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Could my Lens be an issue


Debbiee 14 136 6 United Kingdom
21 Mar 2010 2:33PM
Just after a bit of advice again, I know Camercat suggested to me that I need a better lens, but could my soft images be down to me being rubbish or could my lens be contributing to the factor? I have been using my Sigma 70-300mm lens for taking outdoor portraits of my kids and they seem a little soft (if you look at my recent uploads, before today), but today I decided to use my 18-55mm kit lens which I very rarely ever used and all the photos that I took seem a lot sharper, then the ones taken with the sigma lens.

Thanks Debbie
ade_mcfade 17 15.2k 216 England
21 Mar 2010 2:40PM
what was the shutter speed with the 70/300 and at what focal length were you using it?
Debbiee 14 136 6 United Kingdom
21 Mar 2010 2:43PM
I have used it at various, but for the one of my daughter which I uploaded yesterday the focal length was 133mm, shutter speed 1/200, f4.5 taken in aperture priority

Thanks
keith selmes 17 7.4k 1 United Kingdom
21 Mar 2010 2:46PM
some thoughts

the telephoto zoom probably isn't all that great

but

the telephoto lens will need a faster shutter speed, if its a bit slow pictures will be less sharp due to the hands shaking effect (which I think is what Ade is asking)
the shorter zoom will be easier to hold steady and can be used at slower shutter speeds and still get a sharper picture

and

the telephoto lens will tend to have less in sharp focus (sometimes desirable), shorter lenses tend to have more (sometimes too much) depth of field, and sharp all through
keith selmes 17 7.4k 1 United Kingdom
21 Mar 2010 2:52PM

Quote:focal length was 133mm, shutter speed 1/200, f4.5
shutter speed should be OK, but I think thats fairly wide open for that lens, might not be very sharp at that aperture. Unless they are top of range lenses, they often need stopping down a bit, say to f/8 or f/11 to get sharpest results. But I haven't ever used that lens so its just an educated guess.
ade_mcfade 17 15.2k 216 England
21 Mar 2010 2:53PM
133mm @ 1/200th is around the bordedrline for hand held shots on a crop camera for most people - you're maybe best trying to get a faster shutter speed by upping the ISO a little - see if that makes a difference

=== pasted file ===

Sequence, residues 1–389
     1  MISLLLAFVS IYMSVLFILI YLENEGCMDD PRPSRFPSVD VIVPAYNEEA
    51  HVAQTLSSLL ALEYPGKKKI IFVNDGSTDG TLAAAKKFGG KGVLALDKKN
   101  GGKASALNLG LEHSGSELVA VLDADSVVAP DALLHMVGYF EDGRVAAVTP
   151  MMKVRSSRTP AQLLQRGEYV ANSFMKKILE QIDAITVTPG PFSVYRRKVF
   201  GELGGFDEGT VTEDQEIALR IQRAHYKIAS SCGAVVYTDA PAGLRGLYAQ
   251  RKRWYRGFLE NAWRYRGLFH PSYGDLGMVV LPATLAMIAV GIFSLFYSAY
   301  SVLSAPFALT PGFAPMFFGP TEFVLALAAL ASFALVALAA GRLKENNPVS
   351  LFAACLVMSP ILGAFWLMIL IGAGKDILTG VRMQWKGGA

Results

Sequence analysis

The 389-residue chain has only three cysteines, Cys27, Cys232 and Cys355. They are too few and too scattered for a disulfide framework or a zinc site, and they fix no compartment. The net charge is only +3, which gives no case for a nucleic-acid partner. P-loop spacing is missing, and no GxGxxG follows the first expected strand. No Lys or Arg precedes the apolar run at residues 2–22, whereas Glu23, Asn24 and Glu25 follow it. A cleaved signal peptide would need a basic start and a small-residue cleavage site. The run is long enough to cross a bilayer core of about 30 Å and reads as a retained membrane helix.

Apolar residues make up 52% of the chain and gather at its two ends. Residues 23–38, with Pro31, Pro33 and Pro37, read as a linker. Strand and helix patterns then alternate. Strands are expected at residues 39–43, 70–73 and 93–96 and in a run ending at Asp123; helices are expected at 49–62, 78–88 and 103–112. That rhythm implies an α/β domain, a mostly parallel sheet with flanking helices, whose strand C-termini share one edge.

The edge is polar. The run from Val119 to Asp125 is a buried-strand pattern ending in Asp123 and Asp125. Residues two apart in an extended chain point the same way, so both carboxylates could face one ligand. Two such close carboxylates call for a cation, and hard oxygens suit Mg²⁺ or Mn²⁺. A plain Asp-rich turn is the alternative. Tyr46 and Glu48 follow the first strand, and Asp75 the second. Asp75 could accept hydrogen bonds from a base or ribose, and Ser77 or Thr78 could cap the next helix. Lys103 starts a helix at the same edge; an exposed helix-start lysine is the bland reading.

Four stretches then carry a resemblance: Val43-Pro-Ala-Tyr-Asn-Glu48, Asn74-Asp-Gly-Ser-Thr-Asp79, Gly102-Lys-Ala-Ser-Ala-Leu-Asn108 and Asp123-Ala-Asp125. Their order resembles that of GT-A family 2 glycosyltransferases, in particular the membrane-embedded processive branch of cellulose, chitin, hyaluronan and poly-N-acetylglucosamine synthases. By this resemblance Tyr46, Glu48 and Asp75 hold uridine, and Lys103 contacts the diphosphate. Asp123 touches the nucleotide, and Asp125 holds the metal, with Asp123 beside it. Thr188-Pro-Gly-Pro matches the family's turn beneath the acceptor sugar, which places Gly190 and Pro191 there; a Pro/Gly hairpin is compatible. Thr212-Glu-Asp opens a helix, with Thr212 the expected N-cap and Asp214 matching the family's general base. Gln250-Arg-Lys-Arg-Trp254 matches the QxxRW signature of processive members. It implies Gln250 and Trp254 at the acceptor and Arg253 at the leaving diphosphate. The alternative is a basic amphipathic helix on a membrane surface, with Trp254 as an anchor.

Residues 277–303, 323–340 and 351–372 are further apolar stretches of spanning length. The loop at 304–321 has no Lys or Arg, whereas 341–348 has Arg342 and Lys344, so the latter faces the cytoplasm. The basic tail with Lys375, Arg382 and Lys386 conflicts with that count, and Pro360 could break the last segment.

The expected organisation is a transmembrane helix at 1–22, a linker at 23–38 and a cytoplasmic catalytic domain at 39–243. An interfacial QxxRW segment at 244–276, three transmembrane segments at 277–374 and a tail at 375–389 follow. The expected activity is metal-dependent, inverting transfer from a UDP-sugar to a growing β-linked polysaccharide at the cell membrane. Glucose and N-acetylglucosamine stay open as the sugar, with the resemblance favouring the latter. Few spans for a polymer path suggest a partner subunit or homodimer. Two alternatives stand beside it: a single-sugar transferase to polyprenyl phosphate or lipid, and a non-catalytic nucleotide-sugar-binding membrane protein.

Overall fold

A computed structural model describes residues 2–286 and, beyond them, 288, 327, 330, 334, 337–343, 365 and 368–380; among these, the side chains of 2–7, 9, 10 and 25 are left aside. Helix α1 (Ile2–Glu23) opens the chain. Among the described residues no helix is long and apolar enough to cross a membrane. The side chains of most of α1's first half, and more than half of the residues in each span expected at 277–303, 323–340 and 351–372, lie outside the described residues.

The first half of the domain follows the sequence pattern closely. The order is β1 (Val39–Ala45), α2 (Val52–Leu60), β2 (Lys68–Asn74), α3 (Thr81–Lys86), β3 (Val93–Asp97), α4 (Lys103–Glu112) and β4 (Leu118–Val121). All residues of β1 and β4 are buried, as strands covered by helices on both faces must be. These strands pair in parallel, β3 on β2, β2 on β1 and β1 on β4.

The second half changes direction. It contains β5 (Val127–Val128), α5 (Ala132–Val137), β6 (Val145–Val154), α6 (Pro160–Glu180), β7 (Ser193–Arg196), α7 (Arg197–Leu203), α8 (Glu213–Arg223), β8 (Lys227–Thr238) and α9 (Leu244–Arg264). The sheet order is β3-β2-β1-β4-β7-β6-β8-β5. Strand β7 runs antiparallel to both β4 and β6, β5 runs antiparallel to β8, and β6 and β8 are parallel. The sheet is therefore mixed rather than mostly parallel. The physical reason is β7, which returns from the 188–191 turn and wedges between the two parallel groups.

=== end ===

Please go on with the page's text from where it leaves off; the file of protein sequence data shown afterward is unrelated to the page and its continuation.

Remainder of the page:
if it doens't then it's probably down to the lens quality

you could also try it on a tripod - do a shot with the 10 second timer or a cable release so you avoid touching the camera when taking the shot
BigRick 15 2.1k 3 United Kingdom
21 Mar 2010 5:53PM
I had the sigma 70-300 lens and found it to give me great shots.... but.... it had to be a bright day.

I would say that the shutter speed you used was to slow.... 133mm would want at least 250th as i found that under that gave me shots which sort of looked soft too.

And as said above, you could do with it on f8 to get better results, although this will slow down your shutter speed further.

Bright sunny days and the lens is good.... dull days never gave me much joy. Sad
cats_123 Plus
17 5.1k 30 Northern Ireland
21 Mar 2010 6:39PM
my best results with this lens seem to be at f/5.6. and shutter speeds anything from /1250 upwards...but I haven't really tried portrait shots with it. You can see some of my wildlife shots in my pf. I still find there is room for sharpening post camera
thewilliam 12 6.1k
21 Mar 2010 6:55PM
Invest in a monopod for when you use longer focal lengths.

If you need to be convinced of the wisdom of this advice, do some test shots using shutter-speeds from 1/30 to 1/500 sec, handheld, on a monopod and then on a sturdy tripod.
LensYews 12 1.3k 1 United Kingdom
21 Mar 2010 7:32PM

Quote:Invest in a monopod for when you use longer focal lengths.


A monopod and kids, that could leading to some interesting compositions/framing. Grin
Nick_w 14 4.3k 99 England
22 Mar 2010 7:57AM
Some good advice above. Don't be affraid to crank up the iso too many are affraid of noise, it's always a trade off but slight noise is infinately better than a soft image.

Also with consumer lenses they nearly all work better closed down at least 1 stop to F5.6 to F8. Try it in conjunction with increasing iso and aim for shutter speed of faster than 1/200 sec. You can go lower but needs practice a steady hand and be prepared for a lot of unusable images.

Alternatively try the monopod or tripod
Debbiee 14 136 6 United Kingdom
22 Mar 2010 8:48AM
Thank you all, so after all your advice I took it to ISO 400 outside in sunlight and got a few sharp images but again mostly soft I then went up to ISO 800 and bingo mostly sharp images, my upload today was taken at ISO 800 again in aperture priority f5, but shutter speed went right upto 1/3200, I did keep the ISO down to try not to get noise in my images but I don't think its that bad at ISO800, going to dig my tripod out today as suggested and try to get sharp images at lower ISO's. Thanks again for all your help, I now know my lens doesn't yet need to go to lens heaven.
wasper 15 533 1 Ireland
22 Mar 2010 2:29PM
I 'v had that lens & it was a bad lens. i got rid of it.
Nick_w 14 4.3k 99 England
22 Mar 2010 4:08PM
As you do a lot of monos noise shouldn't really be an issue, it can aid the atmosphere. I used an old D80 at over ISO 1000 with success, and the D300 over 1600. With longer lenses you can use smaller aperture as dof is a lot less than shorter lenses, this also has an affect on soft images as you are not always getting the right focal point with F5.6 - 8 you will get moreif the image sharp. As you were up at 1/3200 you have some room to play with.
psiman 17 574 Wales
22 Mar 2010 4:38PM

Quote:With longer lenses you can use smaller aperture as dof is a lot less than shorter lenses
Yes but with cropped sensors what you gain from increased depth of field you'll probably lose due to diffraction from apertures smaller than f11 or so Sad

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